Commentary | 24 May 2016

Taiwan seeks ‘independence’ in politics, trade

This article was originally published in The Australian.

  • Peter Cai

This article was originally published in The Australian.

  • Peter Cai

Executive Summary

Taiwan’s new president has vowed to reduce the country’s economic dependence on China, focusing on forging better trade relations with the US, Japan and southeast Asian countries.

Tsai Ing-wen, who was sworn in last Friday, said the new government’s top policy priority was to rejuvenate Taiwan’s stagnant economy. The government sees joining regional free trade agreements such as the Transpacific Partnership as the key to getting out of its current slump.

“We will also promote a new southbound policy in order to elevate the scope of our external economy, and to bid farewell to our past overreliance on a single market,” Dr Tsai said during her inauguration ceremony.

Taiwan is one of the most China-dependent economies in the world. More than 40 per cent of its exports go to mainland China. The island country is also one of the largest foreign investors in China.

In the months leading up to the new president’s inauguration, the Chinese authorities exerted economic pressures on Taiwan through reducing demands for key agricultural export products such as pineapples and turtle eggs.

The number of Chinese tourists visiting Taiwan also dropped considerably. The island’s tour operators have been voicing their concerns openly to the new government. Last year, more than four million tourists from China visited Taiwan.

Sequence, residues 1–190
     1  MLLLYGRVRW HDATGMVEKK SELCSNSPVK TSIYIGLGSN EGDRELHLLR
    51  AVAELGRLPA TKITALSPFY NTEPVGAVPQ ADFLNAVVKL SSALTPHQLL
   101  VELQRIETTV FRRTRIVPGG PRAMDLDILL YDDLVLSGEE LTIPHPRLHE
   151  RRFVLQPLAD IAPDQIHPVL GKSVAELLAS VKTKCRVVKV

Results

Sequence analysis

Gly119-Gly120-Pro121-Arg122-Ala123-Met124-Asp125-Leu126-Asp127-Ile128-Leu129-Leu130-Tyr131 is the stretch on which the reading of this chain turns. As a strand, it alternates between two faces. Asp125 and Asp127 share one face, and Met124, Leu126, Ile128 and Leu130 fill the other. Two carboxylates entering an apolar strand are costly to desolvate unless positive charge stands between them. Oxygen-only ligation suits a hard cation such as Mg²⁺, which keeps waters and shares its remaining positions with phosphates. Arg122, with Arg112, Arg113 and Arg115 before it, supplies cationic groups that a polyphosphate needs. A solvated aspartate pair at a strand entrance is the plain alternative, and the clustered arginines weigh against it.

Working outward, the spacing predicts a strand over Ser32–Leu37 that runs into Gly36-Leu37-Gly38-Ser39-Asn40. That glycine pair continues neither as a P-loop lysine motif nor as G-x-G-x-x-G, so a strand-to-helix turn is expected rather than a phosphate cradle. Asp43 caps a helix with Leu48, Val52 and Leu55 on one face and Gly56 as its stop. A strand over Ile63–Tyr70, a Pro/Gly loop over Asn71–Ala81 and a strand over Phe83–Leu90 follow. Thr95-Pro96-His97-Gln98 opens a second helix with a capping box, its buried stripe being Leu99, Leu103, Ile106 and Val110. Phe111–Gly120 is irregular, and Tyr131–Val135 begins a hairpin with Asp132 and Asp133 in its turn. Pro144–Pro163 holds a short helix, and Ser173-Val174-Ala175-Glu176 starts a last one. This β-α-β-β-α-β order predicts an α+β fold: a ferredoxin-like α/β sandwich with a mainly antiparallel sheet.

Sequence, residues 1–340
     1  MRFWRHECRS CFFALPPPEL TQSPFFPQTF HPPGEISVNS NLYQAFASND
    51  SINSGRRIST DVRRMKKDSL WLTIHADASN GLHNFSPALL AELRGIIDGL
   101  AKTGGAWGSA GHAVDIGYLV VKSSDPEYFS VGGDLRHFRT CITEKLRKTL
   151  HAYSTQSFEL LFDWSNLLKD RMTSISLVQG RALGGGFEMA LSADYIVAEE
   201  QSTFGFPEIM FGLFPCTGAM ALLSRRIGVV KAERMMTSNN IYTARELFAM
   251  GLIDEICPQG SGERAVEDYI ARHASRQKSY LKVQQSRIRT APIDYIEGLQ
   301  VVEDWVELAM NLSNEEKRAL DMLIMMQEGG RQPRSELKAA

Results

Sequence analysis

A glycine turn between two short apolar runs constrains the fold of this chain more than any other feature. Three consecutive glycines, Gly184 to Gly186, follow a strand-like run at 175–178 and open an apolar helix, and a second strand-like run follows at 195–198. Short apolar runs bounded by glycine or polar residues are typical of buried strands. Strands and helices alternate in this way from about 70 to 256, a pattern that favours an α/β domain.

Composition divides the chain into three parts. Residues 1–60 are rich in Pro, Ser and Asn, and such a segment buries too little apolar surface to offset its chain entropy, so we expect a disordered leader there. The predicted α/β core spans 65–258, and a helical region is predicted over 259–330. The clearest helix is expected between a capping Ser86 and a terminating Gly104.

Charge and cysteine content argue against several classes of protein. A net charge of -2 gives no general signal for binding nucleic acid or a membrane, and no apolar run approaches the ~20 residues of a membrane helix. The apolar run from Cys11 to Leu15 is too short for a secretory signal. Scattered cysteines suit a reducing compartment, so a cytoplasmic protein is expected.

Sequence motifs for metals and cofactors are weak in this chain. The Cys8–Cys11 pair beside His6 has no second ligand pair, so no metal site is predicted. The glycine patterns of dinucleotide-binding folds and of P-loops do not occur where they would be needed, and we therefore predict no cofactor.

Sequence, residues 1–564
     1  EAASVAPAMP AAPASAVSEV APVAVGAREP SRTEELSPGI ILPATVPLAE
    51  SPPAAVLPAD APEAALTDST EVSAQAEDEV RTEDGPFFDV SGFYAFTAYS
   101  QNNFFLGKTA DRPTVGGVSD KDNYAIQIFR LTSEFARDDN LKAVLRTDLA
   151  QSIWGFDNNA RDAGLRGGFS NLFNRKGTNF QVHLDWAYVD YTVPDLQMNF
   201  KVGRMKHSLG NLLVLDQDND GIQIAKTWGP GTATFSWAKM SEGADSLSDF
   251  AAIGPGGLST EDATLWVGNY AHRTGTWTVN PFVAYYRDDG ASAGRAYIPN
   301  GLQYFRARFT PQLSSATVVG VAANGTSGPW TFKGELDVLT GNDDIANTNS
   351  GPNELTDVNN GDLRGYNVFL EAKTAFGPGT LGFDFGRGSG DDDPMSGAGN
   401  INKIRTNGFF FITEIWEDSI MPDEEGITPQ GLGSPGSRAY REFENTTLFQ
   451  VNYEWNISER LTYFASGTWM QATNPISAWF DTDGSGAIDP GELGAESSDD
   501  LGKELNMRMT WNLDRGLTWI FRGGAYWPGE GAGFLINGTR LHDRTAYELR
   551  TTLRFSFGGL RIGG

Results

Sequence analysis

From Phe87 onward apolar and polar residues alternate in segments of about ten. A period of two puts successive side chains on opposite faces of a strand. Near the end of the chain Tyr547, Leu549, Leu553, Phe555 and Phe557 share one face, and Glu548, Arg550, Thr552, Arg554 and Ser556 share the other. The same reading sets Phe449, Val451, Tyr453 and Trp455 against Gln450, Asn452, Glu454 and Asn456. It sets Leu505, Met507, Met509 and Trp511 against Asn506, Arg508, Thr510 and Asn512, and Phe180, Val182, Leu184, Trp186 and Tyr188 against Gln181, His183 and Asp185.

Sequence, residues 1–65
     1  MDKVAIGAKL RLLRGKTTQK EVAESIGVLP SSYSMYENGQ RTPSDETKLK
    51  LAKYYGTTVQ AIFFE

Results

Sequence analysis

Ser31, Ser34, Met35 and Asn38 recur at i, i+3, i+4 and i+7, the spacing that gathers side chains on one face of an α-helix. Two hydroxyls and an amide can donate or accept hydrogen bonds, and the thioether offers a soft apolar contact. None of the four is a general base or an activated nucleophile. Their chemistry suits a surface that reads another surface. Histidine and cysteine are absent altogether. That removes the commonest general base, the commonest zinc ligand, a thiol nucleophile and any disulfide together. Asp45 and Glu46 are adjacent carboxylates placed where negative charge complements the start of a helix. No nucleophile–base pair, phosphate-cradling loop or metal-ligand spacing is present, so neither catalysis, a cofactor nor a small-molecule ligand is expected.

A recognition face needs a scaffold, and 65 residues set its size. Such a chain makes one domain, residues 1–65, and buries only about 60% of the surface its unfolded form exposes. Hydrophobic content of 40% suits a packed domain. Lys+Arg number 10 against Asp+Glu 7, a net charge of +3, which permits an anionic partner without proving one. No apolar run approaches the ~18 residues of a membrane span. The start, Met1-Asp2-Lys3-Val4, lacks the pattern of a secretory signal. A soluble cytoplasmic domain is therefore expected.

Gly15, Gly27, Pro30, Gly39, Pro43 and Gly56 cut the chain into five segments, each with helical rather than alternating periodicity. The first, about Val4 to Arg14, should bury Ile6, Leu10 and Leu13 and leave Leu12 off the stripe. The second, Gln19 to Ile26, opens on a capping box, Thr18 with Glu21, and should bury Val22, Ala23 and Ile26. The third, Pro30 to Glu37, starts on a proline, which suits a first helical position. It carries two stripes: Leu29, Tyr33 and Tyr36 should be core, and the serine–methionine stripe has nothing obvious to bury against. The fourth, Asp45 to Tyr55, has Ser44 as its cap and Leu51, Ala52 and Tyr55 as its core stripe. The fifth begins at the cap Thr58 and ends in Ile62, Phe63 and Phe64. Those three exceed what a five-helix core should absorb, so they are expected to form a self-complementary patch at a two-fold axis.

Rong-I Wu, chairman of Taiwan Brain Trust, an influential and pro-government think tank, says one of the key reasons behind Taiwan’s recent sluggish economic performance is the slowdown in mainland China.

“Taiwan’s economy is too reliant on China. More than 40 per cent of our market is in China. The reduced Chinese demand has an adverse impact on our economy. The goal of Beijing’s industrial policy is also aimed at substituting Taiwanese imports with domestically produced goods,” Dr Wu, a former vice premier, told The Australian.

“Overreliance on one single market is very dangerous. We want to strengthen our relations with other developed economies and we want to diversify our risk,” he said.

Like Malcolm Turnbull, Taiwan’s new President also wants to focus on innovation. “We will prioritise our plans to promote five major innovative industries, with the goal of reshaping Taiwan’s global competitiveness,” she said.

However, Dr Wu, a former chairman of Taiwan stock and futures exchanges, said developing an innovation-led economy would not be easy. “Many countries are talking about innovation. In the past, we had relatively strong economic growth and our business sector didn’t think innovation was that important,” he said.

“But we are facing real economic headwind now. The new government must allocate more of its budget on things such as innovation, education, training, research and development.” Taiwan was one of the so-called four Asian tiger economies (along with Singapore, South Korea and Hong Kong). However, in recent decades, its economic performance has been lagging behind its Asian competitors, especially South Korea and Singapore.

Under the previous Ma Ying-Jeou administration, it regarded developing economic ties with China as its most important economic as well as political priority. The cross-straits relations strengthened considerably under the former president, who had a historic meeting with Chinese President Xi Jinping last year.

However, the new pro-independence government under Dr Tsai wants to move away from the China-centric policy. She wants to distance relations from Beijing. The Chinese government regards Taiwan as a breakaway province and insists on a policy of eventual reunification.

The Taiwanese government refused to accept Beijing’s tenet of “One China” while acknowledging the political necessity of not upsetting its powerful neighbour.

Dr Tsai has adopted a strategy of saying she respects the status quo without committing to the 1992 Consensus, which says there is one China, and both the mainland and Taiwan can interpret it in whatever way suits their needs.

 

Peter Cai is a research fellow at Lowy Institute for International Policy